It’s Okay to Be Angry About Capitalism

It's OK to be Angry About CapitalismIf you only have a vague sense of Presidential hopeful Bernie Sanders’s interests and policies (and know him from the grumpy looking mittens meme that flooded the web around the time of the 2020 US federal election, this book is a great place to learn what he’s about, explaining his political viewpoints and actions intended to undo the damage capitalism does.

He’s a natural successor to independent US politician Ralph Nader and filmmaker Michael Moore, both of whom have been cultural forces in calling out the corruption and unfairness inherent in market-based systems and how governments are essential for stepping in and curbing its worst excesses, but is too often in bed with them.

The bad news is that – while Sanders’ positions about publicly funded health care and education, trade unionism, the concentration of wealth into ever-smaller hands and several other hallmarks of the capitalist system are sound – the book repeats them a bit too often.

He applies statistics about poverty, healthcare, tax evasion by the rich and his other policy interests to chapters on several different aspects of American civic life, but they’re the same ideas repeated kind of ad nauseam.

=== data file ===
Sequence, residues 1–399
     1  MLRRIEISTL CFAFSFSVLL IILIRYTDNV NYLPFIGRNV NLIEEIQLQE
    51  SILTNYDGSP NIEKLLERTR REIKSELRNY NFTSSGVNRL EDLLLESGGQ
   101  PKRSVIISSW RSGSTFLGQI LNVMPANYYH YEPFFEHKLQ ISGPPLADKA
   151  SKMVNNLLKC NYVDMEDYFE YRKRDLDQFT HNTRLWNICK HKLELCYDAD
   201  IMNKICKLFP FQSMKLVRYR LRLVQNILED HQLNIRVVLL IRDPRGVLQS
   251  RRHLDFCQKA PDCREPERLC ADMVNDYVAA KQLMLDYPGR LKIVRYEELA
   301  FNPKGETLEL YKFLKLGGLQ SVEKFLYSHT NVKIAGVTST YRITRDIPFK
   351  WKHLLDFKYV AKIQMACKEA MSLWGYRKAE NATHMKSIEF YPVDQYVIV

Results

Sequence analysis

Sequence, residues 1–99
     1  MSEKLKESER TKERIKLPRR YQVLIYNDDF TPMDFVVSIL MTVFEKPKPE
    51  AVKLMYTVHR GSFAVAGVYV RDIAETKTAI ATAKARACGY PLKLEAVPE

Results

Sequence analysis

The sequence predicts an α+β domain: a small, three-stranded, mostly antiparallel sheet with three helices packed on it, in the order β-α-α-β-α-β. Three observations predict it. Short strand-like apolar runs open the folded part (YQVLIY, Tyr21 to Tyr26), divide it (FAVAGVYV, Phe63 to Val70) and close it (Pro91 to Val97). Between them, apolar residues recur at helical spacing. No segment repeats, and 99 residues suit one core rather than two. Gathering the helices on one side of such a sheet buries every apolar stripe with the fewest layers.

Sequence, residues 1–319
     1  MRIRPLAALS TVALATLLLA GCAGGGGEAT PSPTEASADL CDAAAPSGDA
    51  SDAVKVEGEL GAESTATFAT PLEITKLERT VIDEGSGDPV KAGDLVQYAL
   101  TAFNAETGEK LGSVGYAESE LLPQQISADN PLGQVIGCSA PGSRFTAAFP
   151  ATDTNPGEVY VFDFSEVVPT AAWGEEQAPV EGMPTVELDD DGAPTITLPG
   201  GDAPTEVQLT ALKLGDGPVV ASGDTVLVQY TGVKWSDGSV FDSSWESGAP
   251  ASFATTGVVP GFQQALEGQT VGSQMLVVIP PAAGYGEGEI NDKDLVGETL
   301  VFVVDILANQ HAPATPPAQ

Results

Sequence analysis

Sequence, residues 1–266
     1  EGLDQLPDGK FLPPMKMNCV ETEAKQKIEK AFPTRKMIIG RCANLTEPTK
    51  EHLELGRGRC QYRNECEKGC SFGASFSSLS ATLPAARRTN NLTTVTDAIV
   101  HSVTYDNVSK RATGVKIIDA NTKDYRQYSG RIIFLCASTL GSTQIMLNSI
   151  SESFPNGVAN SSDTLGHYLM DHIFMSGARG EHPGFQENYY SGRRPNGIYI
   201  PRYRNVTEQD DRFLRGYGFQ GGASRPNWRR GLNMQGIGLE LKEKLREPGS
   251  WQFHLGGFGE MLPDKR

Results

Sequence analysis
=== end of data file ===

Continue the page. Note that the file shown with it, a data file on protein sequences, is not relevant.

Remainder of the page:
By the end you’ll be intimately familiar with how many Americans are homeless or how much more the US spends on health care per citizen than other countries despite still falling short. It might have been better as a white paper, but that would of course never have the reach of a popular politics book.

The good news is that Sanders is the best hope for the broken American political system we’ve seen in a generation. Cynical readers will remind themselves he’s an idealist and will likely never realise his dreams of an American society transformed – many have tried and failed to promote working class interests, and the economic forces arrayed against them have been too entrenched for too long.

In fact, Sanders unwittingly admits as much when – every time he talks about a bill he’s introduced that would bring about real change for the people who need it – he goes on to lament how the monied classes and their lobbyists have rendered it ultimately ineffective.

But he rightly points out that American can indeed afford to make the changes it needs to put a decent living in everyone’s hands. It can indeed ask itself the difficult questions the powers that be would rather distract it from.

He’s not shy about putting the boot into the ubercapitalist class (calling them by name) for being worth unimaginable fortunes while their workers around the world are all on starvation wages and overworked to death.

He even includes a dig at political ally Joe Biden, writing about how the latter has summarily ignored a reminder Sanders has written him about a union-friendly election promise Biden made and hasn’t followed through with.

It’s galvanising reading and – while we spend most of our time fascinated with riches like billionaire space flights and the Academy Awards – it will indeed make you angry.